The first meeting of the Leeds Nineteenth Century Reading Group for this academic year will meet on Tuesday 12 October, at 5.15pm in the School of English (Seminar Room 5). Drawing on the recent successful returns of Sherlock Holmes to the big and small screens they thought that it would be timely and interesting to revisit the original material, discussing three of the short stories in The Adventures, namely The Man with the Twisted Lip, The Speckled Band, and The Copper Beeches. The texts are available on Project Gutenberg http://www.gutenberg.org/ebooks/1661.
For those requiring a map: click on the map on the following URL. The School is number 76. http://www.leeds.ac.uk/campus_map/. If anyone has a query, please email David and Amber at firstname.lastname@example.org
Saturday 6 November
Institute of English Studies
Senate House, London
A one-day conference to celebrate the 150th birthday of The Mill on the Floss, one of George Eliot’s most remarkable works of fiction.
David Amigoni (Keele University), ‘Inheritance and Parental Investment in The Mill on the Floss’
Kathryn Hughes (University of East Anglia), ‘Who were the Dodsons? Uncovering Traces of Family History in The Mill on the Floss’
George Levine (Rutgers University), ‘Money and Desire, Realism and Romance – The Mill on the Floss’
Chair: Kyriaki Hadjiafxendi (University of Stirling)
Catherine Brown (New College, Oxford), ‘ The Mill on the BBC in 1978′
Alain Jumeau (University of Paris-Sorbonne), ‘Translating The Mill on the Floss’
Louise Lee (King’s College London), ‘Maggie Tulliver & the Ethics of Boredom’
Donna Maynard (Exeter University), ‘ “She had often wished for books with more in them”: Imagined Space and the Making of “More” in The Mill on the Floss’
The Victorianist Professional Development Page is now live!
To quote (ourselves), the page includes ‘a random and perhaps eclectic collection of resources recommended by people successful in the great employment quest. We’ve also included a set of websites offering interesting and in some cases provocative advice on preparing yourself for professional engagement.’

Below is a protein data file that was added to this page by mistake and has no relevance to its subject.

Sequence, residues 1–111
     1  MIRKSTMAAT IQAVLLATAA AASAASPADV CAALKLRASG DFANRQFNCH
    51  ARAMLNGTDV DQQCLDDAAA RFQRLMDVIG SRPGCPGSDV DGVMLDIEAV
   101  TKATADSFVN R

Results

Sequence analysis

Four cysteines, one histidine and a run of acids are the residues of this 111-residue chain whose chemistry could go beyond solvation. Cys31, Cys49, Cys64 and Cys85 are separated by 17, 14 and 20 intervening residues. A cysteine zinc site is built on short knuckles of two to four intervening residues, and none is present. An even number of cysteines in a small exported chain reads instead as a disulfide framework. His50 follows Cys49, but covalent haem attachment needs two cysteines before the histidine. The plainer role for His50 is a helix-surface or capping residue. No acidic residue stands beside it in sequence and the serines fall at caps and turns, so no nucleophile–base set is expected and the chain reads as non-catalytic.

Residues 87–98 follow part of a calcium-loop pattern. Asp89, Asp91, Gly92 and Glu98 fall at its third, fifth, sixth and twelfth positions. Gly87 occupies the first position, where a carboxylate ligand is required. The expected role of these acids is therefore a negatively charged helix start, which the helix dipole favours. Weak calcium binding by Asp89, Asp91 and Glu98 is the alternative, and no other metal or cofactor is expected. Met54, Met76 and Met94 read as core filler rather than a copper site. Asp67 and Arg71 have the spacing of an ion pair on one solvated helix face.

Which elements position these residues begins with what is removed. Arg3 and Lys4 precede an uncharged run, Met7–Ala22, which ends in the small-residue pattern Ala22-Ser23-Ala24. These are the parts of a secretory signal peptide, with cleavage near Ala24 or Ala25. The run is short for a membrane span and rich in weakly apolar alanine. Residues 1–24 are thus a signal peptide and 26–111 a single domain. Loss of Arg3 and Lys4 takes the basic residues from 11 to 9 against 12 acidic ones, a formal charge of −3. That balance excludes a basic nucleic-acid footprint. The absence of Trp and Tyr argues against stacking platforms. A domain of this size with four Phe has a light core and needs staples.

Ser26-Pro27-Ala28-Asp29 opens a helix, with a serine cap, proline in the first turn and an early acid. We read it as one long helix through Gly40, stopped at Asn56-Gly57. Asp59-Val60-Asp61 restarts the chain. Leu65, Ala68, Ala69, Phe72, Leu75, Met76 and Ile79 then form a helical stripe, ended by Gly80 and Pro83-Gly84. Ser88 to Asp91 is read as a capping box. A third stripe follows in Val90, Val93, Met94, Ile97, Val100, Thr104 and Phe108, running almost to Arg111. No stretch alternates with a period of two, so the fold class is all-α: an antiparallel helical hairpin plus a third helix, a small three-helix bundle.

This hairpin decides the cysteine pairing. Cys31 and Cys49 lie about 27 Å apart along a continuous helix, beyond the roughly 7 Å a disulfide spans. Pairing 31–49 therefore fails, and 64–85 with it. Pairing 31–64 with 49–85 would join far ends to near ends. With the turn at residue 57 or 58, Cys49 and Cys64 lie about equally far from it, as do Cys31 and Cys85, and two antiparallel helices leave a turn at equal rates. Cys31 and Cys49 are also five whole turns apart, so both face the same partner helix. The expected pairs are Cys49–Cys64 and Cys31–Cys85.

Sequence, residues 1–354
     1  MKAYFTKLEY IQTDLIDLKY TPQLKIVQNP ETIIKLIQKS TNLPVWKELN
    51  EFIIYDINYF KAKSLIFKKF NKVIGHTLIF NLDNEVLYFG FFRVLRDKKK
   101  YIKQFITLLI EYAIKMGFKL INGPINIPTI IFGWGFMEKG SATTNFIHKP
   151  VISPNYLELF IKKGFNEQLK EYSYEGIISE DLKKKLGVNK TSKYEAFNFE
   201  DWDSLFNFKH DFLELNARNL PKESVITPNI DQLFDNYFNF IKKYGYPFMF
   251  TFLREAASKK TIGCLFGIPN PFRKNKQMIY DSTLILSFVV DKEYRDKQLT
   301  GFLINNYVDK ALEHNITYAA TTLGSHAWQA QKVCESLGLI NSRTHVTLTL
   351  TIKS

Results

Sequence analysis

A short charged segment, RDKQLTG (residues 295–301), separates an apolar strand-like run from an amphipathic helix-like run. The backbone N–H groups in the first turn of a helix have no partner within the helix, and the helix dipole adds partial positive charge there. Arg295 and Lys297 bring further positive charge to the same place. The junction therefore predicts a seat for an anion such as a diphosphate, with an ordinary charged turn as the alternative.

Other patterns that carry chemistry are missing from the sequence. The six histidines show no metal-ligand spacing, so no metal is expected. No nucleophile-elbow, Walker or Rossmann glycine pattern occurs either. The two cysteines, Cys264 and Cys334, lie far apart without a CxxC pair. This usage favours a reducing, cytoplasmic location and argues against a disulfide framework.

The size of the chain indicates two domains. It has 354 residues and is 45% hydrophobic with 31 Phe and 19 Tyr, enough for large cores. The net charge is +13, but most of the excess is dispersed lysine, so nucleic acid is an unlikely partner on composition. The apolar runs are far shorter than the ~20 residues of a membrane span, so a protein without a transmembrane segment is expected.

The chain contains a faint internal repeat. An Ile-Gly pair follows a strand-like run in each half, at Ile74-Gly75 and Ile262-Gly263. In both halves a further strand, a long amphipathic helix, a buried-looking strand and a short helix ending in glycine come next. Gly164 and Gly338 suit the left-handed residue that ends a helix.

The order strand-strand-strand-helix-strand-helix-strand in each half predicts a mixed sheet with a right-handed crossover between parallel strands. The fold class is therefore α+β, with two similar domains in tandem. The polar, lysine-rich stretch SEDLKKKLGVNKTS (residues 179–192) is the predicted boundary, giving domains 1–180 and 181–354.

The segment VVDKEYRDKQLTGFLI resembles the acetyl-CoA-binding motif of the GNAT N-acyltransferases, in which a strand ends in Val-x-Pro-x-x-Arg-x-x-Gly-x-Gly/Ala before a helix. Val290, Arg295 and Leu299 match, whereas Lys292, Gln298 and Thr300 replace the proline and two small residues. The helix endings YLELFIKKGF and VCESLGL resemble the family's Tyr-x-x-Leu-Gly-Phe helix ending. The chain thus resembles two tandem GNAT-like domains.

Reading the Archive of Colonial Australian Popular Fiction
Professor Ken Gelder (Melbourne)
Thursday 30 September 2010, 6.15pm
King’s College London, Strand Campus
English Department Seminar Room S2.39 (Take lifts from Strand reception to second floor. Do a right-hand U-turn from lift and S2.39 is just to your left)
Please rsvp to email@example.com
About Professor Gelder:
Ken Gelder joined the University of Melbourne in 1989 and has since taught across the Literary Studies and Cultural Studies programs in a variety of areas: from popular culture to literary theory. His books, Reading the Vampire (1994) and Popular Fiction: The Logics and Practices of a Literary Field (2004), have helped to make him an international authority on genre fiction. The co-written Uncanny Australia (1998) – with Jane M. Jacobs (now at the University of Edinburgh) – has been especially influential, both nationally and internationally, on subsequent postcolonial work across a range of disciplines. He has also published widely on subcultures, including his book Subcultures: Cultural Histories and Social Practice (2007). Professor Gelder is currently involved in a major Australian Research Council-funded Discovery Project ‘Colonial Australian Popular Fiction’ with Dr Rachael Weaver. http://www.apfa.esrc.unimelb.edu.au/home.html
A One-Day Postgraduate Interdisciplinary Conference
University of Warwick, Saturday 22nd January, 2011
Deadline for submissions 5 November 2010
“One hears sometimes of a child being ‘the picture of health;’ now Emma always gives me the idea of being the complete picture of grown-up health. She is loveliness itself, Mr. Knightley, is not she?” (Jane Austen, Emma, chapter 5)
Confirmed plenary speakers: Professor Hilary Marland (University of Warwick) and Dr Claire Brock (University of Leicester)
The conference Picturing Women’s Health 1750-1910 will explore the interface of diverse discourses that constructed ideas about women’s health in Britain during the Romantic and Victorian periods. In these years, writers and artists documented extraordinary discoveries and advancements in science, anatomy, and medicine. This inter-disciplinary and multi-disciplinary conference will examine the vicissitudes of attitudes towards women’s ‘healthy’ and ‘unhealthy’ bodies over the one-hundred-and-sixty year period. In particular, conference papers will consider representations of the female body in fictional/non-fictional literature, fine arts, and visual media and how they reflected or influenced women’s understandings and experiences of their own health and bodies.